Micronutrients play a big role in the overall health of crops, and a shortage of key micronutrients can have a big impact on yields, says Winfield United agronomist Eric Hanson.
WinField United’s network of retailers are currently in the process of studying tissue samples from Kansas corn and soybean fields and are finding that there are deficiencies of manganese, boron and zinc in the samples they’ve tested for customers, he says.
“We are well past the point where applications of these micronutrients will have an impact on corn,” Hanson says. “But it is a clear indicator that monitoring earlier in the growing season is critical.”
He says manganese is important to the corn plant during the rapid growth period leading up to tasseling because it helps plants with photosynthesis.
“The best way to supplement manganese is foliar,” he says. “We need to monitor tissue earlier in the season and get a supplement on during the stage of plant growth that will offer the best response. We can apply it along with a herbicide of fungicide application.”
Hanson says the important thing is to understand the metabolic process.
“You want to sample tissues to see if the plant is deficient in micronutrient, know what role that micronutrient is responsible for and know that if the plant is going to respond at this point in its growth,” he says.
Although it is also too late in the season for the current corn crop to benefit from an application of boron, if a farmer’s field is deficient it’s likely an early season boron application will be needed for next season’s crop.
“Boron is important in the formation of pollen tubes in corn,” Hanson says. “If the plant reaches tassel and is deficient in boron, you could lose both quality and quantity of pollen that that could be a big issue for pollination. Boron is also responsible for development of the cell wall. With adequate boron, you get better rigidity in the cell wall. Adequate boron also helps improve the mobility of other nutrients.”
He added that the pollen of the corn plant also contains high levels of boron, so a lot of the nutrient is lost during pollination.
Zinc is also at peak importance right around tasseling, he says.
“Zinc is a metal that is important in the metabolic process because it facilitates electron transfer within the plant. That helps the metabolism of the plant as a whole,” he says.
Soybeans need micronutrients, too
For soybeans, manganese is also showing up as a common deficiency in Kansas tissue samples, Hanson says. As it does in corn, manganese helps drive photosynthesis.
Because soybeans are more responsive to micronutrients in the reproductive stages, they can still benefit from a manganese application. He says growers who are spraying soybeans with insecticide or fungicide at early reproductive stages might get some response to adding a supplement such as Max-In Ultra Manganese to the mix.
But growers who learn now that their plant tissues show deficiencies should put tissue testing earlier in the season into their plan for next year, he says.
He says tissue testing is important because soil samples can show the existence of micronutrients in the soil that may not show up in the plant.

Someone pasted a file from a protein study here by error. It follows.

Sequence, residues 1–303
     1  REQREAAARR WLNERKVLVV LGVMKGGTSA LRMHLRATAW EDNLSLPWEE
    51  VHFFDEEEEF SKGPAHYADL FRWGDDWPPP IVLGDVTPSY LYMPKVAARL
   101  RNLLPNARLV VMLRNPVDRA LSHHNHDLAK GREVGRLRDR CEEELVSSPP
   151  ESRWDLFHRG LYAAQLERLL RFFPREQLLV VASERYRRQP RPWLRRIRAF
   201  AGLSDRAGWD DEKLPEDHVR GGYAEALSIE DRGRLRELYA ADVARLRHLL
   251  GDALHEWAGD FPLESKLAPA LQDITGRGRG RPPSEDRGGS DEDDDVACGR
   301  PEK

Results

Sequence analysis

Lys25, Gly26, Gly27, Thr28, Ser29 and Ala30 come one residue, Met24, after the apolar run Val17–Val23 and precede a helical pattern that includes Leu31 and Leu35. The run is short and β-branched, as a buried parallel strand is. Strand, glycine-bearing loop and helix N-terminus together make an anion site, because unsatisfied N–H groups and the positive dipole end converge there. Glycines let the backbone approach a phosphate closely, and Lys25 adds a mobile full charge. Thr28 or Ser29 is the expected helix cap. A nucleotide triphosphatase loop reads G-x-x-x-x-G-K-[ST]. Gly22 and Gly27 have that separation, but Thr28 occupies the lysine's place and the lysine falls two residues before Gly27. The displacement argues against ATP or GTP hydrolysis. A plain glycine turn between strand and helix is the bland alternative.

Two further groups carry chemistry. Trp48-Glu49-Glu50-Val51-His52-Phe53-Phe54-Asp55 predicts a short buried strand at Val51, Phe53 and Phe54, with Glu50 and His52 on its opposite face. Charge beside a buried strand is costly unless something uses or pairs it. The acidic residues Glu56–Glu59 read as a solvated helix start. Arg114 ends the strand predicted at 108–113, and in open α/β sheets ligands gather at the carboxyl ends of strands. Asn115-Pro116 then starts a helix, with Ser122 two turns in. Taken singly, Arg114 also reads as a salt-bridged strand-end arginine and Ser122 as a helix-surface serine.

“Soil tests will show the existence of the micronutrients, but not whether or not they are readily available to the growing plant,” he says. “The pH level of the soil can be a big factor in nutrient availability. Organic matter also plays a big role. Some nutrients are tied very tightly to organic matter. Others, like boron, aren’t tied tightly to the soil and can be leached down beyond the root zone, much like nitrogen. Manganese becomes more available in saturated soil and we have even seen toxicity in soils that stay wet for long periods of time. As it dries out, manganese becomes more fixed and moves back to a less available form.”
Looking at copper deficiency
Tissues from Kansas fields have also been tested for copper levels. He says soybeans are showing copper deficiency, but in general do not respond to foliar applications of copper. Corn is also non-responsive to foliar copper according to Hanson, but wheat can be highly responsive.
“What we have seen is that wheat does not respond in the fall, but at green-up and flag-leaf in the growing season, it has a tremendous response,” he says. “We don’t know why exactly but that is the kind of thing that makes this line of work and research so exciting.”
Right nutrient at right time
Hanson says the best plan is to rely on layering tissue tests on top of soil tests to get a better understanding of what is there and whether the plant is able to use it.
“What we are looking at is the yield determining growth stages,” he says. “Corn, for example, starts determining ear size at around V6 growth stage. Milo starts determining head size at V7. As plants change and start forming reproductive structures, nutrient needs and the importance of those nutrients changes. Not all crops need the same amount of nutrients and not all growth stages need the same amount of nutrients. We call it ‘elemental prominence,’ knowing what nutrients are important at what growth stages in each crop.”
It is also important to keep records over several years and compare results because growing conditions from year to year can have a major impact on nutrient availability.
He says growers have more access to more information than they have ever had before. However, sorting through all that data and knowing how to use it in making decisions can be more difficult.
“We strive to train our aligned retailers in the agronomy and the science they need to know to help their customers make the best decisions,” Hanson says.